Kim talks about the importance of the Life Sciences and teaching Field Courses at Quest.
How did you end up in the Life Sciences?
I grew up in a hunting and fishing family, so I am naturally drawn to being outdoors. I also grew up on an island (Newfoundland) and was enamoured with the whales we’d see when walking along the shore. I’ve known I wanted to be a wildlife biologist since grade three, but thought I wanted to work with whales. During my undergrad, I took a forest ecology class with a great prof and realized I was more interested in terrestrial systems than marine. So here I am, a wildlife ecologist.
Tell us about the combined effects of climate change and land use on wildlife species.
The way humans use the landscape has large implications for wildlife. I think we have a responsibility to minimize those impacts and to ensure our actions don’t lead to imperilled species. Climate change, on top of that, is leading to so much change in species, communities and ecosystems. Land use and climate change can interact to make the situation worse or better. The particulars are really important, and I love trying to tease apart the relative impacts from each of these large stressors on wildlife. Understanding this leads to better wildlife and land management planning.
What do you want students to take away from studying biodiversity?
Students should understand the importance of biodiversity for sustaining our ecosystems. They should also come away from the course understanding how we gather ecological data and the challenges associated with it. Ideally, they also learn that ecologists have the skills and expertise to overcome those challenges.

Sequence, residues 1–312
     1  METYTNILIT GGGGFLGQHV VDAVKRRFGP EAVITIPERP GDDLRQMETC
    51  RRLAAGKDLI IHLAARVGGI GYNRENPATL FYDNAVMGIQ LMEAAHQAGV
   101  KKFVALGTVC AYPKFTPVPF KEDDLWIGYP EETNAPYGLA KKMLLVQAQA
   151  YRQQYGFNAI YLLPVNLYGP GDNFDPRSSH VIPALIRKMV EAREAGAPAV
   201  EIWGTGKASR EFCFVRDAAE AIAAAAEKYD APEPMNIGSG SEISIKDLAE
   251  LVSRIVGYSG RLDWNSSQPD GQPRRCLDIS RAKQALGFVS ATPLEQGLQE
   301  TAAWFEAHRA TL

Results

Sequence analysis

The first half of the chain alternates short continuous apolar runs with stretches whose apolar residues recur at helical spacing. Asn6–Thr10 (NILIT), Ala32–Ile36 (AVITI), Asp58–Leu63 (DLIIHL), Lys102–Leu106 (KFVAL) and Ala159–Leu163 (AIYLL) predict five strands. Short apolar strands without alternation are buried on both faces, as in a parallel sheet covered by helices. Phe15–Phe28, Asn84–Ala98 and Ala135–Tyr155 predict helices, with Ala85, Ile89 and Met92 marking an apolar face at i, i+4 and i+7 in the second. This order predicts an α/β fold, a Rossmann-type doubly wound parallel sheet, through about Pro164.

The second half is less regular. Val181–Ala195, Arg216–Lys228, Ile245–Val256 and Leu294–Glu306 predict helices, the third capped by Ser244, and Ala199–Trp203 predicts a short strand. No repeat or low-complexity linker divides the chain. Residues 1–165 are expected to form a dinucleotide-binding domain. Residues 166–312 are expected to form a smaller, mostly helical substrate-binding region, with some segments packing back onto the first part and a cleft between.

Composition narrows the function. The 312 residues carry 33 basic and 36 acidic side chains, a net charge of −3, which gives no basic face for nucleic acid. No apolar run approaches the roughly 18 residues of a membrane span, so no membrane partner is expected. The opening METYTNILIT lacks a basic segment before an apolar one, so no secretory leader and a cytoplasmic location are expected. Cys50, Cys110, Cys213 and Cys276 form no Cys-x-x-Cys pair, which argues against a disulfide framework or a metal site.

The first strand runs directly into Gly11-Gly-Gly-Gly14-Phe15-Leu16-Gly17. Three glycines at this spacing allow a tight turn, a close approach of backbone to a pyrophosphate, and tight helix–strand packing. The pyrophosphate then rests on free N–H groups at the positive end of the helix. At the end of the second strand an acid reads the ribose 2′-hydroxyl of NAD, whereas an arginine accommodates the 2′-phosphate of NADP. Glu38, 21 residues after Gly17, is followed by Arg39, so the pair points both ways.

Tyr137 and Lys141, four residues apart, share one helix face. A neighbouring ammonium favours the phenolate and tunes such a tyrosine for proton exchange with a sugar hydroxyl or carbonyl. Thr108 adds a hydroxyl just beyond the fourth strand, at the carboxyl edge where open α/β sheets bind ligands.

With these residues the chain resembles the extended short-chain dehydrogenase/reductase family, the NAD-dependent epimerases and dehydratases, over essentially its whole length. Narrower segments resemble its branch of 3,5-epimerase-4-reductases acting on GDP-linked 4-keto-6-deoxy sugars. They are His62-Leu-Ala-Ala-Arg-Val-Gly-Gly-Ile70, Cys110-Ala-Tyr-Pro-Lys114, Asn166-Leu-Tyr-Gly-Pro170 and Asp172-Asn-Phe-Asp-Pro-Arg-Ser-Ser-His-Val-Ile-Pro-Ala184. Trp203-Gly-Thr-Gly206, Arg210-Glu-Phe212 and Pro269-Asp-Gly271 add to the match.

You teach exciting Field Courses. Tell us about that.
We live among some incredible ecosystems and can learn so much by spending some time in them. Being in the field stimulates thinking about ecological processes in a way that classroom learning cannot.
In Summer 2017, I worked with Ali MacKellar on her Keystone project, which focused on how to set up a remote monitoring program and develop a field research station. We started a mammal and plant monitoring program that I’ve continued—and plan to expand to other parts of the Sea to Sky Corridor. One of the goals was to provide a real-world field program to use as a teaching platform.
Ian Picketts’s Impacts of Recreation and Tourism class came to the site and developed a site management plan to minimize our impacts on the region. Now it’s time to take ecology-focused students out there to learn from and contribute to this project. I’m developing a Field Course called Biodiversity Monitoring that will run in June 2019.
We focus a lot on the value of project-based learning at Quest, and this Field Course will give students the opportunity to work on a functioning monitoring project and contribute to its next steps. Students will participate in data collection, which includes checking wildlife photos on remotely triggered cameras, and will contribute to the project through work on course assignments.
We are so fortunate here at Quest to be able to design courses that we love!
How much time will the class spend in the field?
We’ll make two 5-6 day trips to the Pemberton site. The first one will be at the beginning of the course, after learning some key concepts and then returning to the classroom to devise a plan for data collection for the second trip. Time on campus will be used for reading, field work planning, and synthesis.
What have you learned from your students at Quest?
Teaching and mentoring at Quest is such a give and take. The engagement and enthusiasm from students is energizing and motivating. My love for ecology has been reinvigorated since coming to Quest and working with students discovering ecology for the first time.
Breaking down bigger concepts, responding to questions, and helping students work through the complexities reminds me of the key ideas and underlying principles that drive a lot of the work I do. I’ve learned to re-examine ideas I now take for granted, and I often finish my classes with new research ideas and questions of my own.